Associated Group COST

The COST (European Cooperation in Science and Technology) homepage describes this cooperation as 

"Growing ideas through networks

The European Cooperation in Science and Technology (COST) provides funding for the creation of research networks, called COST Actions. These networks offer an open space for collaboration among scientists across Europe (and beyond) and thereby give impetus to research advancements and innovation.
COST is bottom up, this means that researchers can create a network – based on their own research interests and ideas – by submitting a proposal to the COST Open Call. The proposal can be in any science field. COST Actions are highly interdisciplinary and open. It is possible to join ongoing Actions, which therefore keep expanding over the funding period of four years. They are multi-stakeholder, often involving the private sector, policymakers as well as civil society.
Since 1971, COST receives EU funding under the various research and innovation framework programmes, such as Horizon 2020.
COST funding intends to complement national research funds, as they are exclusively dedicated to cover collaboration activities, such as workshops, conferences, working group meetings, training schools, short-term scientific missions, and dissemination and communication activities. For more information, please go to the Funding section of this website.
The COST Association places emphasis on actively involving researchers from less research-intensive COST Countries (Inclusiveness Target Countries, ITC). Researchers from Near Neighbour Countries and International Partner Countries can also take part in COST Actions, based on mutual benefit. For more information, please visit the global networking page."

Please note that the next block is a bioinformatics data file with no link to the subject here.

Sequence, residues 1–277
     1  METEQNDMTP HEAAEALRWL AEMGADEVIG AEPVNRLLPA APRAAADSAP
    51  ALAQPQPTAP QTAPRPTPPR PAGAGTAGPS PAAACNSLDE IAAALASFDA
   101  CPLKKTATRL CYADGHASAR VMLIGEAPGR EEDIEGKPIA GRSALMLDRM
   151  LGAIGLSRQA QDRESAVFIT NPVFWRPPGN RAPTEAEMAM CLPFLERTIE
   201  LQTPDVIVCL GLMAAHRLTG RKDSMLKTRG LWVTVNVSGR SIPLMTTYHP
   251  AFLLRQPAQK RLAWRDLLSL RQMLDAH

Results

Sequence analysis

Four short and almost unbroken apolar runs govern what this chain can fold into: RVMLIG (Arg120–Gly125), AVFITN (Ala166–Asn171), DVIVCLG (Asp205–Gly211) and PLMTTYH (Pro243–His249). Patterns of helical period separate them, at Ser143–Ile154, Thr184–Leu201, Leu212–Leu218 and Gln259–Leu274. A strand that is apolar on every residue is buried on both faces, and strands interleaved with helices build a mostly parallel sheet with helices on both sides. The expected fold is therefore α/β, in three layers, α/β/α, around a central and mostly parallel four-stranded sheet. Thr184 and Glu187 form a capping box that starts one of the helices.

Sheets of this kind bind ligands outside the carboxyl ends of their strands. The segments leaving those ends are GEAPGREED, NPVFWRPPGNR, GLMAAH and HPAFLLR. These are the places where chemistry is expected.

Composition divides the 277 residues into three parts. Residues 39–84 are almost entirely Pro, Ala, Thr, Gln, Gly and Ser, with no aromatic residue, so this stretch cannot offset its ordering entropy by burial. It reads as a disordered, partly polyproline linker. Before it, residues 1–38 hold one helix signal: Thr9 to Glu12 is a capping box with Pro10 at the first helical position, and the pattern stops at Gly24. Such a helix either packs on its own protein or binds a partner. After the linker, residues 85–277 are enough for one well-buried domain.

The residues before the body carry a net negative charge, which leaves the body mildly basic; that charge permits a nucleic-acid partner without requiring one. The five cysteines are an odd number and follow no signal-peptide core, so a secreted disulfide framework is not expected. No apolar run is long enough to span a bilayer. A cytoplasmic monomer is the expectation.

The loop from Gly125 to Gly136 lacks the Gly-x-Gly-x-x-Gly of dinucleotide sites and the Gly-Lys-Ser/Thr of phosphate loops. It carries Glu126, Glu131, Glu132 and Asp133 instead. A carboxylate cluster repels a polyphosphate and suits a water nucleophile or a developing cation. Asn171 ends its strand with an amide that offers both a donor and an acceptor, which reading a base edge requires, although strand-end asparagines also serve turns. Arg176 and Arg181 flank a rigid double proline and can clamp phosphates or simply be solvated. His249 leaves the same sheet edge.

The RTG MoG is involved in the Action 
CA16104 - Gravitational waves, black holes and fundamental physics  

"Gravity claims a central role in physics. Almost every grand challenge in astrophysics, cosmology and fundamental physics includes gravity as a key ingredient, making it a subject of strong interdisciplinarity. Black Holes (BHs) are the atoms of General Relativity (GR). They are the “simplest” astrophysical objects, yet they harbour the most remarkable predictions of GR: event horizons and singularities. Gravitational-wave (GW) astronomy – made possible by the historical detection of GWs in 2016 - will allow us to test models of BH formation, growth and evolution, as well as models of GW generation and propagation. It will provide evidence for event horizons and ergoregions, test GR itself and may reveal the existence of new fundamental fields. The synthesis of these results has the potential to answer some of the most pressing issues in our understanding of the cosmos and the laws of Nature. The scientific prospects and exciting opportunities have potential paradigm-shifting consequences in astrophysics, cosmology, and fundamental physics."

More information can be found e.g. here.

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